Letters to the Editor, Jan. 5, 2012

We appreciate this opportunity to clarify and correct statements made in the article.

Birchez Associates, Kingston

Watch your language, please

In “Students Favor Midtown Rail Trail” (Dec. 22, 2011) by Lynn Woods, your very excellent writer uses the word “stakeholder” as in “the Bard College students have been meeting with stakeholders … ” I find the use of that word troublesome.

For one, it implies that the people who needed to know were involved, so not to worry, and if you weren’t invited, well, it was for stakeholders. We saw that word used in the recent dustup over the Pike Plan: “stakeholders” apparently did not include the citizens of Kingston. Shopkeepers, shoppers, tourists … the stakeholders were invited, and how well they did their job if they did anything would be cast as their concern.


All citizens are stakeholders in any and all public works, indeed in any and all private works where their laws and government is to have a say. As to the Rail Trail, again, the citizens are the stakeholders and some citizens that live very close to the trail may, or may not, have greater concern and may or may not represent the best needs of the city itself. So, some years pass and a citizen in Kingston might say, gee, a Rail Trail? In Kingston? We have one?

Happy Traum and friends have a song “Barbed Wire.” “Barbed wire, it’s just a sin, it locks me out, but it also locks you in … ” Words can do that too. And Frost too: “Before I’d build a wall I’d seek to know what I was walling in or walling out.”

“Stakeholders” is one of those words that George Lakeoff, an American cognitive linguist and professor of linguistics at the University of California, Berkeley, might warn us about: use of some words accidentally has us saying things that, if we thought about it, we didn’t mean to say. The word creates a division, a wall, where no division needs to be made.

Gerald Berke, Kingston

Letter to the attorney general

Subject:  Review of local development corporations.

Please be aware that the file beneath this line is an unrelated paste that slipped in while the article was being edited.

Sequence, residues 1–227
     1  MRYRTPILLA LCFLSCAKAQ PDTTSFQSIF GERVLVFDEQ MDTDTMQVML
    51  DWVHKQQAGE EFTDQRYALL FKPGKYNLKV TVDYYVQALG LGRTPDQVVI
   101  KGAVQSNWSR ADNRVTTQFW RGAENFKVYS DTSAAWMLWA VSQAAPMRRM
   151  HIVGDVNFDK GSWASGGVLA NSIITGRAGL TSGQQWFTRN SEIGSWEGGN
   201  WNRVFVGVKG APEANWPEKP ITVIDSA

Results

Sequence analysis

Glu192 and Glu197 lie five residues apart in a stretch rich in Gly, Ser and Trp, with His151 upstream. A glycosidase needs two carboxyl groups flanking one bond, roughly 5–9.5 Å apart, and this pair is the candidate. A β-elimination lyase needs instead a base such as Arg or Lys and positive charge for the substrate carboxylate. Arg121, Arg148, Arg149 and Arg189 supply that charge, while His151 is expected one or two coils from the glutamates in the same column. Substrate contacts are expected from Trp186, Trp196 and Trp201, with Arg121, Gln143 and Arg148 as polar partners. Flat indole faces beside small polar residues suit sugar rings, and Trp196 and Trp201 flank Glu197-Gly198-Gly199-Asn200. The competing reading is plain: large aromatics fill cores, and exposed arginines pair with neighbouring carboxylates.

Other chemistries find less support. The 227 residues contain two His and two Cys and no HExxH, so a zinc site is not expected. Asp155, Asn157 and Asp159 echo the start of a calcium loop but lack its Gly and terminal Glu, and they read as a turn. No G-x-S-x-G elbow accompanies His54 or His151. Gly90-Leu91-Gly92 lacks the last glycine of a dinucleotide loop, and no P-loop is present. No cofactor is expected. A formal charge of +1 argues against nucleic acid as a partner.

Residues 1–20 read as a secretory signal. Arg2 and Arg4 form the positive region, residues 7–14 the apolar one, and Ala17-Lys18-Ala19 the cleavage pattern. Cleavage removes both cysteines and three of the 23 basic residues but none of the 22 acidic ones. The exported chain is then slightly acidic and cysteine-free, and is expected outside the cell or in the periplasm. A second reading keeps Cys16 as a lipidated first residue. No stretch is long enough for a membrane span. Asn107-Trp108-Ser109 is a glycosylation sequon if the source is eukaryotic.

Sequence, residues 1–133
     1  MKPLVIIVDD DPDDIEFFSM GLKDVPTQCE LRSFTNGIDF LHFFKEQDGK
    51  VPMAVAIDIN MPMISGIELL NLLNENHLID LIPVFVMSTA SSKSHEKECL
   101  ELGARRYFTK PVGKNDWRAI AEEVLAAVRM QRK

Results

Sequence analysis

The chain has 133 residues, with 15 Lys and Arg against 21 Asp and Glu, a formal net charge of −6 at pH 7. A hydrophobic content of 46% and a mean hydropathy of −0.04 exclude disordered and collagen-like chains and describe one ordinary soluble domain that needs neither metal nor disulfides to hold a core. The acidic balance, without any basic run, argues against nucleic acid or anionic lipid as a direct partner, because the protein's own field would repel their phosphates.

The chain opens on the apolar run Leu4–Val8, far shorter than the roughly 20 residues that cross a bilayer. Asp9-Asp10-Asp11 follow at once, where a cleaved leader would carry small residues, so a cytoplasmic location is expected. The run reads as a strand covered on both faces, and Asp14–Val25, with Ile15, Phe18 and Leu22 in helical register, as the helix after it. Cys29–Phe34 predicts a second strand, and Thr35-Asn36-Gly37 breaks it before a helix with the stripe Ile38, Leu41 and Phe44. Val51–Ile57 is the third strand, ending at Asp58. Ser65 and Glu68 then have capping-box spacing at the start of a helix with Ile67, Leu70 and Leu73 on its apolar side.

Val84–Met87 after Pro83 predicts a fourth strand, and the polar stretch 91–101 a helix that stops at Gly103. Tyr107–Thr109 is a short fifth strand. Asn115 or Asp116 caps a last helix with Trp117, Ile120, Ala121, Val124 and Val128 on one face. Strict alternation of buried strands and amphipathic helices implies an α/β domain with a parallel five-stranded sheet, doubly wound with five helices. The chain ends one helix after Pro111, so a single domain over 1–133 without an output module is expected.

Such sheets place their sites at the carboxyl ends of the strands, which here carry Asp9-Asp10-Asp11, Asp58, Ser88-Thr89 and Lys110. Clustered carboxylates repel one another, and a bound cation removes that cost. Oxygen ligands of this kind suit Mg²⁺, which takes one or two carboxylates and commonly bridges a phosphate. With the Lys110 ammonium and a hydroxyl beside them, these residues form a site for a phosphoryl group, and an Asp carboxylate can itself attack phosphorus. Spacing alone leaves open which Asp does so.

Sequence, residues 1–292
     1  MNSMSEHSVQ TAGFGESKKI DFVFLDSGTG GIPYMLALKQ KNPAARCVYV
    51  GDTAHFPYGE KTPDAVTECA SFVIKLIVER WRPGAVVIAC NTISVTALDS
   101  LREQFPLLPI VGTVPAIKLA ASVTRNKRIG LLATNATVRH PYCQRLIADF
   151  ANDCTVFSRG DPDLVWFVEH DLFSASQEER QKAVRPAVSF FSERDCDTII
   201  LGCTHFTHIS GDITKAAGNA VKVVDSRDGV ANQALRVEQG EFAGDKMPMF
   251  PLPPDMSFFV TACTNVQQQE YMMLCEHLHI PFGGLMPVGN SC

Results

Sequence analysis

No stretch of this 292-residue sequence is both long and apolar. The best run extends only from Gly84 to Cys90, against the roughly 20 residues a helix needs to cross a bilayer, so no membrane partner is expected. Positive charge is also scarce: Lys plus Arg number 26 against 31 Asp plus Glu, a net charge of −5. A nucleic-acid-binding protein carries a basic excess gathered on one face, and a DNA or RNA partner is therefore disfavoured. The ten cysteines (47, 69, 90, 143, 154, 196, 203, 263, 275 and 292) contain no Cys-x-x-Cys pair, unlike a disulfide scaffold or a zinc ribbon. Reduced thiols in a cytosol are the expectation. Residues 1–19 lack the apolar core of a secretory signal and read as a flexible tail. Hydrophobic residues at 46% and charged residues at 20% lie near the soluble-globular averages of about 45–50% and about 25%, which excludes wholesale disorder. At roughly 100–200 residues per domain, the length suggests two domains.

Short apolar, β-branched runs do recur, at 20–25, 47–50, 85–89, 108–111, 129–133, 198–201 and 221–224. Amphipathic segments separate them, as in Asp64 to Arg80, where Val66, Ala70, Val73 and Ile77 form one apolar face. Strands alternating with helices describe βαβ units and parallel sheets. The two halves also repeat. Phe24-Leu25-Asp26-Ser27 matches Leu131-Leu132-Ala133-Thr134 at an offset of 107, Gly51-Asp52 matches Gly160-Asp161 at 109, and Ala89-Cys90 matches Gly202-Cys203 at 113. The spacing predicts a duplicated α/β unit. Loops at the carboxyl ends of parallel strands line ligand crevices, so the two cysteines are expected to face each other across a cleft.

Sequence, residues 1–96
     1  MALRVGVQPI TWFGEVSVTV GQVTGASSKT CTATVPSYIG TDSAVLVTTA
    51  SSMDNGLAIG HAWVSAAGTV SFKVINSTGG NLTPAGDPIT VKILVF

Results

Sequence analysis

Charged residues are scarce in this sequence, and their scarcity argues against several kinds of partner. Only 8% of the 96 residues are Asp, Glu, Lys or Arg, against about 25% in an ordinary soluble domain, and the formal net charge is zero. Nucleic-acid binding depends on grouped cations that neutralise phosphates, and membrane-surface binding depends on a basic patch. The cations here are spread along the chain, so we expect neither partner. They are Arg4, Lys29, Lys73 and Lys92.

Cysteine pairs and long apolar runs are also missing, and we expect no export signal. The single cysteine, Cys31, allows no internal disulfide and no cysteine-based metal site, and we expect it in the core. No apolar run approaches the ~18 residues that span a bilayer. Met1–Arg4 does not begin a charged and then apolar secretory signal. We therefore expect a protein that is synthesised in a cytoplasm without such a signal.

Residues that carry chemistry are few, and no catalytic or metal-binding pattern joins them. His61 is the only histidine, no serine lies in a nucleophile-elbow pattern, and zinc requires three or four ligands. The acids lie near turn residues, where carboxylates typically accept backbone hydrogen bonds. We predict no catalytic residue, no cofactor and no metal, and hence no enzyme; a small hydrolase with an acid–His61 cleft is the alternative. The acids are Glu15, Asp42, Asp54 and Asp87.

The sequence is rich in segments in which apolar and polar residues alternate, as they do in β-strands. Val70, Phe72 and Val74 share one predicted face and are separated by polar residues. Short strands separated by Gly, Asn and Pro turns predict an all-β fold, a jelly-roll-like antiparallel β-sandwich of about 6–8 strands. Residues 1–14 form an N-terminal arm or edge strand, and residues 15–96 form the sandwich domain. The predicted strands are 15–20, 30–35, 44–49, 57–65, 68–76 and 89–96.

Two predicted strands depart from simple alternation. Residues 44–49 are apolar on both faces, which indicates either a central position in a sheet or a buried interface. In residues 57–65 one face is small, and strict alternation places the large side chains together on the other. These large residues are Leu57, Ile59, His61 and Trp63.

Dear Mr. Schneiderman,

I applaud your review, long overdue, of how local development corporations collect and spend taxpayer money. I suggest your office also review the Kingston Trust Fund tax returns for the year 2008-09 and following.

The Fund is registered as a 501(c)(3) and has net assets of $19.4 million. The net assets increased by $2.5 million over the fiscal year. The Fund manages the health care costs of teachers in the Kingston City School District and annual contributions to the fund are a line item in the KCSD budget. In the 2011-2012 budget, taxpayers paid $25.2 million into that fund. And yet, the fund demands the district increase its annual contribution, citing premium increases, without allowing the district any insight on how the money is being spent. The fund director, a retired teacher and former union leader, is paid an annual salary of $210,000. The director defends this amount by saying he’s underpaid compared to other executives.

I believe this is an abuse of taxpayer money and trust and have long advocated for the District to cap its annual contribution to health insurance, as many corporations have done, to the 2010-11 level and put the responsibility for ongoing premium expense on recipients, active and retired. I should add this fund is totally owned and managed by the union.

I would appreciate an acknowledgement of this correspondence and you plan on how to follow through in investigating this taxpayer abuse.

Ron Dietl, Kingston


There is one comment

  1. gberke

    It gets uninteresting when each “side” arguing for its case presents itself in the best light without including all the relevant information, some of which would weigh against them. The reader is left to decide from the limited facts presented but some not presented by either “side”…
    It’s not interesting because it is presented solely in an adversarial format with no possibility of objective resolution… In Getting to Yes, the results of a multi year Harvard study on negotiation, the term “principled negotiation” is introduced: fairly negotiating for what one needs, not out of strength, not out of feigning weakness, but out of principle… what one needs, not what the traffic will bear, not winner take all. So both sides can trample about the issue without fear of anyone going too near the truth. Or so it seems.

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